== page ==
[xmca] dynamics of learning and development

From: <ERIC.RAMBERG who-is-at spps.org>
Date: Thu Nov 29 2007 - 05:14:11 PST

In my personal quest for understanding on this subject I keep returning to
the grand text of the "Psychology of Literacy by Scribner and Cole. I have
the 1999 reprint. The importance this text plays for me is I see it as a
culmination of the many ethnographic studies undertaken to understand
cognition in context. It has help me greatly in my understanding of
working with the students who attend my school with their varying degrees
of disabilities. I submit quotations from Chapter 14 for your

"In this book we have made a seemingly relentless descent from the general
to the specific. We began with grand and ancient speculation about the
impact of literacy on history, on philosophy, and on the minds of
individual human beings; we ended with details of experiments on mundane,
everyday activities that would, under other circumstances, probably escape
our notice or our interest. Instead of generalized changes in cognitive
ability, we found localized changes in cognitive skills manifested in
relatively esoteric settings. Instead of qualitative changes in a person's
orientation to language, we found differences in selected features of
speech and communication. . . .we believe it is important that we have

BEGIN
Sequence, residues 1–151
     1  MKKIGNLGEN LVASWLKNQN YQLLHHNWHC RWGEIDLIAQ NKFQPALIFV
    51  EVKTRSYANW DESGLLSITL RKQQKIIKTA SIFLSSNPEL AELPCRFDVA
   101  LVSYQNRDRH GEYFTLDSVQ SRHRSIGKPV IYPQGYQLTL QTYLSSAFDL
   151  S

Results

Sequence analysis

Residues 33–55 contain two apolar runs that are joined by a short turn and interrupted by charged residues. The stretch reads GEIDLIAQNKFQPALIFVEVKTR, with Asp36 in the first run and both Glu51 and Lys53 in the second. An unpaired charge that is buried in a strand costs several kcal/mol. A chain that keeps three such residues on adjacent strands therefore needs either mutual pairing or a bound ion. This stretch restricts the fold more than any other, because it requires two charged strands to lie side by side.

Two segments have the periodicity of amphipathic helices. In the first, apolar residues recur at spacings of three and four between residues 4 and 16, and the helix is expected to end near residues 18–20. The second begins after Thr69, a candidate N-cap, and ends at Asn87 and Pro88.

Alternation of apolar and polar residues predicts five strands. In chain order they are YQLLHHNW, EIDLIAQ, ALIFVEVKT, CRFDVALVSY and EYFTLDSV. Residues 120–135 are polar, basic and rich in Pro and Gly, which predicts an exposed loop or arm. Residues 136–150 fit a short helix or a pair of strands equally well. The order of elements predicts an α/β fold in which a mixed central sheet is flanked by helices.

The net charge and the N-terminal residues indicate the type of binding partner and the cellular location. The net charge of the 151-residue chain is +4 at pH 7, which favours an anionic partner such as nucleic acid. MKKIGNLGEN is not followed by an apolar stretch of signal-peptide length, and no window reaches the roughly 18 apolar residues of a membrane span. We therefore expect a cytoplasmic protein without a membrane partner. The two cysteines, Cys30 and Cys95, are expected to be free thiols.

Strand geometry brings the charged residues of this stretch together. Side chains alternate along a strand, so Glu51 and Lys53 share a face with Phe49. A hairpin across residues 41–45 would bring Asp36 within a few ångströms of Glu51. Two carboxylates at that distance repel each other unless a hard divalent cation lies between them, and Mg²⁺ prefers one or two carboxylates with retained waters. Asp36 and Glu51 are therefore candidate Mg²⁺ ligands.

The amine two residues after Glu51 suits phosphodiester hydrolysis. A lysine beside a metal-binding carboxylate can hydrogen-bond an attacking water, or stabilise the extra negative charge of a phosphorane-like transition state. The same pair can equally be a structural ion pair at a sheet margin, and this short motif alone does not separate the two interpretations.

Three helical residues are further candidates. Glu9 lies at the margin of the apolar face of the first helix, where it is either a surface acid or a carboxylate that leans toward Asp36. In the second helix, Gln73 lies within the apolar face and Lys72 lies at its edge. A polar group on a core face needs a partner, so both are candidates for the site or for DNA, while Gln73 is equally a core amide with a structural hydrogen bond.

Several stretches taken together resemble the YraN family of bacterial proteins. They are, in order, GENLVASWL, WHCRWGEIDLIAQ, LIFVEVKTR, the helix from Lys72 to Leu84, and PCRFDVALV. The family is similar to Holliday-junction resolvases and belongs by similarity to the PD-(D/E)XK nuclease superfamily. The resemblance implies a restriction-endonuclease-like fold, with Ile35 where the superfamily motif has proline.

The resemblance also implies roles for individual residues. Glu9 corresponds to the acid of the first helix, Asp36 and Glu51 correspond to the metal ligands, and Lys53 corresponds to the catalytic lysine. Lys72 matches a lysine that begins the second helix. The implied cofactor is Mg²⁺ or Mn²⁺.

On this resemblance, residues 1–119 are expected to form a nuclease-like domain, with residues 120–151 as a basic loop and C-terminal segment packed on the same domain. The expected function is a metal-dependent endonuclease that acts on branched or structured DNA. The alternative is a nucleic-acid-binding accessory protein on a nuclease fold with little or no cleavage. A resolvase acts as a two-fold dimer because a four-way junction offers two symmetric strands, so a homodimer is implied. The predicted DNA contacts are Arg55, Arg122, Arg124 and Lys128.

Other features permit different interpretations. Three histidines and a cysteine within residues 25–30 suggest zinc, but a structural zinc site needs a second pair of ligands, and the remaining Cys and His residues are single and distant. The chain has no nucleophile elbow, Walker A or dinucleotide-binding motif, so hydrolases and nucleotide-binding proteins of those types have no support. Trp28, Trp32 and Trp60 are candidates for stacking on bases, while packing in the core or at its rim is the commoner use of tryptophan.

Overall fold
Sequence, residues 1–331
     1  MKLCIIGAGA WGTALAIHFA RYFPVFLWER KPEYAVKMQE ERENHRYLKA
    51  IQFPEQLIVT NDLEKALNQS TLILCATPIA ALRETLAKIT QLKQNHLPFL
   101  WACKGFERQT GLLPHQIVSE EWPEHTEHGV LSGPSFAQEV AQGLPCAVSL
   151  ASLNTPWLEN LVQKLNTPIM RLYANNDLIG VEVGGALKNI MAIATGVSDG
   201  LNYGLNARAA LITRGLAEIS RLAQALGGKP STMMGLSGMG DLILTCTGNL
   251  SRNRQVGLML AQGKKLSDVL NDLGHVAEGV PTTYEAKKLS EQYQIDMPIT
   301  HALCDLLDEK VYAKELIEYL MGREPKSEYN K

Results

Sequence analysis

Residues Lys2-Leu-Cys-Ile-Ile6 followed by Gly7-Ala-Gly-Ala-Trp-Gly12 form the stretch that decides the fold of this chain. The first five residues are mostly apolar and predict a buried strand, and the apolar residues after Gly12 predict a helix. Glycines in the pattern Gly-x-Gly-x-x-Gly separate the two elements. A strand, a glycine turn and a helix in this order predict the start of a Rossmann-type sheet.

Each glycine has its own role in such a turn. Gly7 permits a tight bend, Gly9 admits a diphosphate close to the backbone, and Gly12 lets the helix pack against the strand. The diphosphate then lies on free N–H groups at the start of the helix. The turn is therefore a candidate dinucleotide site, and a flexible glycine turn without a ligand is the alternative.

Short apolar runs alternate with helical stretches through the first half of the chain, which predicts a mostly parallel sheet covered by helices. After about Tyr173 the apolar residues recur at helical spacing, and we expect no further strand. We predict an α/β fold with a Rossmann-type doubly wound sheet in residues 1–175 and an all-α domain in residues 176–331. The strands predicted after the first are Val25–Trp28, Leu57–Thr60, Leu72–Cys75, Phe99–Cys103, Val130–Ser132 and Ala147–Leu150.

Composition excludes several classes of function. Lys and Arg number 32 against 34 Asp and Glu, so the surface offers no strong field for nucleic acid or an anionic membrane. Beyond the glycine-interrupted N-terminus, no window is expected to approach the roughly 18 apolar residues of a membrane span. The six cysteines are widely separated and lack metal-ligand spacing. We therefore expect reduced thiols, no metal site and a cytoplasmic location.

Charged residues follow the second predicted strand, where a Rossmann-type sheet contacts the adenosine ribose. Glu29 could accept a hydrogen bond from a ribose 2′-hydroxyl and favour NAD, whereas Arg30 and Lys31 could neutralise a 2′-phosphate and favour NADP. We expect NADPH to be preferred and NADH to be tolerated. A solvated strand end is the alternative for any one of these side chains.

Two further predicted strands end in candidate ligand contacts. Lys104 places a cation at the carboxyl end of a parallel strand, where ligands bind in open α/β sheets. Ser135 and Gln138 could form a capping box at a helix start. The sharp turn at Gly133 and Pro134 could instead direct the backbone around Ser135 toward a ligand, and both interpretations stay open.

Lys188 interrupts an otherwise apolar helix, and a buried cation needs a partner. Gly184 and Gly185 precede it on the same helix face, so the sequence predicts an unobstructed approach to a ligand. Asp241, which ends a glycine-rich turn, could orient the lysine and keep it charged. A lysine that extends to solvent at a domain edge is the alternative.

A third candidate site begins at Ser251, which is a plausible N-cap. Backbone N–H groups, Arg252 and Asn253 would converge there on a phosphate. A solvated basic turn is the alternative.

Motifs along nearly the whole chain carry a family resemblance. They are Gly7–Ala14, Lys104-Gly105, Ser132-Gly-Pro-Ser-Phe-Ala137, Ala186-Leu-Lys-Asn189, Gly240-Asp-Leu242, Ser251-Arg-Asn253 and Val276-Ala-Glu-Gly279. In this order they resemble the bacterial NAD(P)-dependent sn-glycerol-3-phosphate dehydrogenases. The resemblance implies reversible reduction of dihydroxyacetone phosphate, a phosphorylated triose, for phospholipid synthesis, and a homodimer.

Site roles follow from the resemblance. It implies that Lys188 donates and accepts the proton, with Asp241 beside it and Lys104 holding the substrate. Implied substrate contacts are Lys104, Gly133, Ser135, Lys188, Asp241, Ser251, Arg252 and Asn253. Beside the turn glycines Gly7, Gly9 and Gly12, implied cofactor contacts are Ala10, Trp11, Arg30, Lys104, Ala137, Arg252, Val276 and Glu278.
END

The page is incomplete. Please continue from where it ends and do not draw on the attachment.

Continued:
identified skills that are associated literacy learning. . .To give a
satisfactory account of the nature and significance of the differences we
found-and failed to find-we would need to draw on some well-specified
theory of cognition. . .no such theory was at hand. Within anthropology
and sociology, we encounter theories of the "Great Divide" variety. . .a
dominant trend is to consider cultural inventions, such as literacy, as
unrelated to basic processes of intellectual development; literacy may
influence how society does its work but not the structures of mental
operations (piagetian theory). we made progress in finding terms more
suitable for specifying culture-cognition relationships than the antimonies
offered by existing theory. . . We call this framework a "practice account
of literacy" to emphasize that it is neither a formal model nor a grand
theory but a preliminary attempt to bring new question to our enterprises."

any thoughts?

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Received on Thu Nov 29 05:15 PST 2007

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